The WNBA is 20 years old. Soak that in. It’s been 19 long years since the Houston Comets started the W’s first dynasty, winning the league’s first of four chips.
The initial boom of the WNBA rang out across the nation. Here were these larger-than-life women, getting buckets, raising awareness, inspiring a younger generation. Lisa Leslie, Tina Thompson, Sheryl Swoopes, Cynthia Cooper, Ticha Penicheiro, Katie Smith, Teresa Weatherspoon, Yolanda Griffith. They could absolutely ball.
The W kept rolling out the star power. Next came Diana Taurasi, Sue Bird, Lauren Jackson, Cappie Pondexter, Swin Cash. And eventually Candace Parker came down the pipeline, along with Maya Moore, Elena Delle Donne and Brittney Griner.
The league’s list of high-profile players has never been short. Somewhere between Lisa Leslie catching her first poster and Maya Moore hitting that game-winner in last year’s finals, however, something changed. The national narrative shifted back to women’s basketball not being worth a man’s time. But there hasn’t been a better time than now to tune in.
“We have a lot of different types of women and players,” Mystics center Stefanie Dolson says. “We still have those superstars, like Diana, like Candace, they’re still in the game. Then you have a new generation of players coming in. Brittney Griner, Skylar, Elena. And then my class. In my class, we have some great personalities. We’re very skilled too.”
Damn skippy, Stef.
The League is littered with extremely talented players, who can shoot, pass, dribble, rebound and defend. Dolson, at 6-5, shot 47.6 percent from distance last year. And she was top-10 in blocks.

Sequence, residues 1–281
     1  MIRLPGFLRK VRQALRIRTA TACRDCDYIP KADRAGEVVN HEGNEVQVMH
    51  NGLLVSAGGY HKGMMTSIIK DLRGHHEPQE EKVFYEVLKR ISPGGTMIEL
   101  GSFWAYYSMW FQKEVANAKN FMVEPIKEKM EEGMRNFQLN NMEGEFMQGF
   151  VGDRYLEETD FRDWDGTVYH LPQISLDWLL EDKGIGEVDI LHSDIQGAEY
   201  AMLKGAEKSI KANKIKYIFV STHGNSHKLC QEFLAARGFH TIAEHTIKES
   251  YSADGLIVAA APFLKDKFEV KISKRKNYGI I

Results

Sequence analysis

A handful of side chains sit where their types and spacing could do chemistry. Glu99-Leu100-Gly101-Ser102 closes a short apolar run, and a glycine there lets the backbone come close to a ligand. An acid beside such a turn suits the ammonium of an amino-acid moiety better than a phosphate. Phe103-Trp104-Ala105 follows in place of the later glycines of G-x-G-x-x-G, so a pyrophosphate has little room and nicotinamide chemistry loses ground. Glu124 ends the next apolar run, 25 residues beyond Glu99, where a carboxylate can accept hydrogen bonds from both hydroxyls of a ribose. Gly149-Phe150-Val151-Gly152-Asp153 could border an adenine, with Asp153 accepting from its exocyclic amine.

Incoming Chicago Sky rookie center Imani Boyette credits grassroots ball for the uptick in talent.
“We’re getting better younger,” Boyette says. “High school basketball, AAU, people aren’t just playing for fun anymore. Everybody’s developing more skills.
“My mom was a center back in the day, at 6-2. And she’s huge. Now, 6-2, you need to be a guard,” Boyette says. “Our game is changing. We have players like Candace Parker, Elena Delle Donne.
“I asked Elena how she became a guard. Did it happen slowly? I was just wondering. She was like, ‘No, I’ve been a guard my whole life.’ We’re not one-dimensional anymore,” Boyette adds. “That’s great.”
Boyette’s mother is Pam McGee, former No. 2 overall pick in the ’97 Draft, at age 34. Pam also starred for the Trojans and the Women’s National Team. Boyette’s brother is JaVale McGee. Her family friend is Lisa. Well, she gets to call her Lisa. We know her as Lisa Leslie.
“I was actually at the game that Lisa dunked at,” the 21-year-old says. “I don’t think I realized how important it was. I was just like, Oh, everyone’s screaming.” Imani was only 7 when LL packed that one home.
2014 ROY Chiney Ogwumike is only two years older than Boyette. She has very deep feelings about those early days in the WNBA. Specifically her hometown Comets.
“Before we even knew basketball, we went to a Houston Comets game,” Chiney says about herself and her older sister, Nneka, who won the 2012 ROY with the L.A. Sparks.